Tidbits of Trivia

Today at Shadows and Satin, some miscellaneous tidbits of noirish trivia . . .

Broderick Crawford: Dapper appearance. Voice like a caribou crossed with a streamliner.

The distinctive voice of Broderick Crawford (The Mob, Human Desire) was once likened to a cross between “the love call of a caribou and the horn of a diesel streamliner.”

Robert Ryan (Crossfire, The Set-Up) inked a contract with RKO in the early 1940s after he was spotted by a studio director performing in the play Clash by Night, which ran on Broadway for less than two months (despite direction by Lee Strasberg and a cast that included Lee J. Cobb and Tallulah Bankhead). A decade later, Ryan starred in the film version; his film role, Earl Pfeiffer, had been played by Joseph Schildkraut in the Broadway play – Ryan had played the smaller role of Joe Doyle.

While a student At Brigham Young University, Marie Windsor (The Killing, The Narrow Margin) entered and won a number of beauty contests, earning the titles of “Miss Covered Wagon Days” and “Miss D. & R.G. Railroad.”  

Joan Bennett (Scarlet Street, Woman in the Window) played Elizabeth Stoddard Collins during the entire five-year run of Dark Shadows, a popular gothic soap opera that ran on ABC-TV.

Jeanne Crain, discovered in the commissary.

Jeanne Crain (Leave Her to Heaven, Vicki) had her first brush with the film industry when she was spotted in the commissary of RKO studios by Orson Welles while she was taking a school tour. Welles had his secretary arrange for the 15-year-old Crain to have a screen test for his new film The Magnificent Ambersons. The role for which she tested later went to Anne Baxter.

Vincent Price (Laura, While the City Sleeps) was a well-respected art aficionado who edited or authored several books on art, served as a member of a variety of art-related organizations, demonstrated his impressive knowledge of art on the popular quiz show The $64,000 Question, and worked for more than a decade as an art buyer for Sears Roebuck and Company. 

William Conrad (The Killers, Cry Danger) portrayed characters on an estimated 7,500 radio broadcasts.

When Ann Blyth was nominated for an Academy Award for Best Supporting Actress for Mildred Pierce, she was, at the age of 17, the youngest actress up to that time to be so honored.

Does Victor Mature look like the kind of a fella who would bite his teacher? (Well, maybe a little.)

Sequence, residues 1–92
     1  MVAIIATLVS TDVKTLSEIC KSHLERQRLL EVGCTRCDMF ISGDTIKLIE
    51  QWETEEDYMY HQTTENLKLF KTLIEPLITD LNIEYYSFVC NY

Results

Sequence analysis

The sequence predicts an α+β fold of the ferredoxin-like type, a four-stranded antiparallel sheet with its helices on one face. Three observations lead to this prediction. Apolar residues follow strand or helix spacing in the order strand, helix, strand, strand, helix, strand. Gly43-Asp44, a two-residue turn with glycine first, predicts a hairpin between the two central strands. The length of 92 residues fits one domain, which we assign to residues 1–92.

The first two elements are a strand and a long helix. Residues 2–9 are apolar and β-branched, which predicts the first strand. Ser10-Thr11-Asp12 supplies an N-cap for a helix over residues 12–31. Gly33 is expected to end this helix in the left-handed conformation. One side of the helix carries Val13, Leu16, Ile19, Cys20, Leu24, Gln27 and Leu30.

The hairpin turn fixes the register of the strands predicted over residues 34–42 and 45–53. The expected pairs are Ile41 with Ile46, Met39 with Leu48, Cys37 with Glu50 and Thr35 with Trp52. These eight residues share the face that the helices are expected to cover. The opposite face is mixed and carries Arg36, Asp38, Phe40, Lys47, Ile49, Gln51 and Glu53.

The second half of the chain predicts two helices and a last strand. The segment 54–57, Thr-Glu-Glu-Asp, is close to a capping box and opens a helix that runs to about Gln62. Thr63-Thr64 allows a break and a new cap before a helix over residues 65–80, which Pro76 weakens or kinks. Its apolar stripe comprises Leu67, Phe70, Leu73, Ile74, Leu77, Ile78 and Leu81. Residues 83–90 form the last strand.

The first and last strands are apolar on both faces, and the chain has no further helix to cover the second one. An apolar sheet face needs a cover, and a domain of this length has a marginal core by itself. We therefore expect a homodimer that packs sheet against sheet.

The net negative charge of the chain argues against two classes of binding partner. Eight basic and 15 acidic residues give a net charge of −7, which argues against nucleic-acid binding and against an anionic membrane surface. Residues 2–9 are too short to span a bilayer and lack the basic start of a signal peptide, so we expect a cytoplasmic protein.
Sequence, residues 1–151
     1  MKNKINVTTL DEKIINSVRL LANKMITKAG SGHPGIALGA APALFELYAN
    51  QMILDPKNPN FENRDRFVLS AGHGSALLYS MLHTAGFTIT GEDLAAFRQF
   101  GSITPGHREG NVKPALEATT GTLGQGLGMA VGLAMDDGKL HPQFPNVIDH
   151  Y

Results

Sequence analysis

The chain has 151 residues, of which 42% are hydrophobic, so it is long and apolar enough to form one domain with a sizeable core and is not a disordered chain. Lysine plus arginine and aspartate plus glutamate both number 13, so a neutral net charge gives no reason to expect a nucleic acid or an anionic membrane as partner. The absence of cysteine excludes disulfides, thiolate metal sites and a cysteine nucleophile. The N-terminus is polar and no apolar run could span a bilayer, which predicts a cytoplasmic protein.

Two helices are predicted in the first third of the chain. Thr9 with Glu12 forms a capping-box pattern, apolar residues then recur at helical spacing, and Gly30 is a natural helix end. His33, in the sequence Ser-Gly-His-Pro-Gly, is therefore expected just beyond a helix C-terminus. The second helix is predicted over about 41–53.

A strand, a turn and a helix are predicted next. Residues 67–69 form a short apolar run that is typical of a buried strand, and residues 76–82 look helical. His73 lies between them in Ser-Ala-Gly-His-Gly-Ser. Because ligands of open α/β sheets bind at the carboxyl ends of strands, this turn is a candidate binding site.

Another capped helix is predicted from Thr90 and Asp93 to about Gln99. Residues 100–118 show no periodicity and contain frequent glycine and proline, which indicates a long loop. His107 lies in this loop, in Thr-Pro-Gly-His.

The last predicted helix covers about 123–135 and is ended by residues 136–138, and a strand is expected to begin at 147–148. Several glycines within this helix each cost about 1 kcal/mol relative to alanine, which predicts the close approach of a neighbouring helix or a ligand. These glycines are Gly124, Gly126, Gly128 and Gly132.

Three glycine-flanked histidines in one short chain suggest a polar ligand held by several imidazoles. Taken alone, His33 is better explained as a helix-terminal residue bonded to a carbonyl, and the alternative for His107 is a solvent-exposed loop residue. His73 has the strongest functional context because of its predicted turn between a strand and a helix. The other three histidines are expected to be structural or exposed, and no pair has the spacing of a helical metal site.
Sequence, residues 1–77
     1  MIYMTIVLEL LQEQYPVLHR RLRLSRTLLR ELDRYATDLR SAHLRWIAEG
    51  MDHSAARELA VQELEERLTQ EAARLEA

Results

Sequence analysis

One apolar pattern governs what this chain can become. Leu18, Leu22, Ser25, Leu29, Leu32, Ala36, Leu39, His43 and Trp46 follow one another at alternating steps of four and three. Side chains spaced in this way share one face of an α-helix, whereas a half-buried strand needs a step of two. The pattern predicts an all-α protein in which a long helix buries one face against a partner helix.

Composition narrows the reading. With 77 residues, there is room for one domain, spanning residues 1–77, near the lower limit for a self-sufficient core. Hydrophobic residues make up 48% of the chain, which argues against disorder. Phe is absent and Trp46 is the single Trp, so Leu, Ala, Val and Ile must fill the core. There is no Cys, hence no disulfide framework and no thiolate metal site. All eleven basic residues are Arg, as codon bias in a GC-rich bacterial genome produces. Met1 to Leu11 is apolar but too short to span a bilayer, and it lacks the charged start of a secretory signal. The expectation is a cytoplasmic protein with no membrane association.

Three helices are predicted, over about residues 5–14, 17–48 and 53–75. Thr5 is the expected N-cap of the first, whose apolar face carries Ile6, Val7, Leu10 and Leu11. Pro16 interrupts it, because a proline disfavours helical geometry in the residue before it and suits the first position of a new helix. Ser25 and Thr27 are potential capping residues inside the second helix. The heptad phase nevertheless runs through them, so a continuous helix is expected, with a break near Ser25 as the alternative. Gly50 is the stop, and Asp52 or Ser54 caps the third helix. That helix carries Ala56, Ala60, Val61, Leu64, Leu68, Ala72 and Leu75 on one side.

On Victor Mature’s (Kiss of Death, Cry of the City) first day of school, he was sent home for biting his teacher; in later years, the actor once recalled, his mother was summoned to his school so often that the other students thought that she worked there.

Born Jane Sterling Adriance, Jan Sterling (Union Station, Appointment with Danger) dropped her last name out of deference to her father, a well-known New York advertising exec who disapproved of her acting aspirations. After a suggestion from actress Ruth Gordon, she also eliminated the “e” from her first name.

Barbara Stanwyck (Double Indemnity, The File on Thelma Jordon) had a tragic childhood worthy of a film noir character: in 1910, her mother, pregnant with her sixth child, was knocked off a trolley car by a drunken passenger and hit her head on the curb. She died from her injuries. Two weeks later, Stanwyck’s father signed up with a crew working on the Panama Canal. His family never saw him again. Stanwyck was three years old.

Agnes Moorehead: ex-circus performer? Hmm.

Agnes Moorehead’s (Dark Passage, Caged) father was a Presbyterian minister. She made her first stage appearance at the age of three, singing on a church program. Years later, the actress would neither confirm nor deny press releases that stated she had also once ridden an elephant in a circus act and performed aboard a Mississippi River showboat during her childhood years.

Before turning to acting, George Raft (Red Light, Nocturne) made an unsuccessful attempt at a minor-league baseball career, tried his hand at professional boxing, then capitalized on his natural dancing ability by entering and winning ballroom dancing contests and working as a “taxi-dancer” in local cafes. His first job on the legitimate stage was as a dancer at the Union Square Theater in New York.

Several film noir veterans were graduates of the American Academy of Dramatic Arts in New York: Lauren Bacall, Hume Cronyn, Kirk Douglas, Nina Foch, Sam Levene, Agnes Moorehead, Thelma Ritter, Edward G. Robinson, and Gene Tierney.

~ by shadowsandsatin on September 23, 2011.

5 Responses to “Tidbits of Trivia”

  1. Always fascinating to learn these trivia items about actors; thanks for the post!

  2. I love this blog because….it’s well-written, interesting, comprehensive and totally in the groove for those of us who live our lives amid satin and shadows. I have a film noir corner in one of my blogs, and I’m going to mention this one. It’s like a cool, dark walk through a twilight park after a day in the city that never sleeps.

  3. Ah, I loved this trivia. The Agnes Moorehead trivia reminds me of so many other classic film stars that weaved in lies with their background and never denied things…gives even more mystery to them. Also, I didn’t know what about Barbara Stanwyck! She is undoubtedly one of my favorite actresses and her tough persona on screen has always been fascinating. Also, the more I learn about Vincent Price the cooler he gets!

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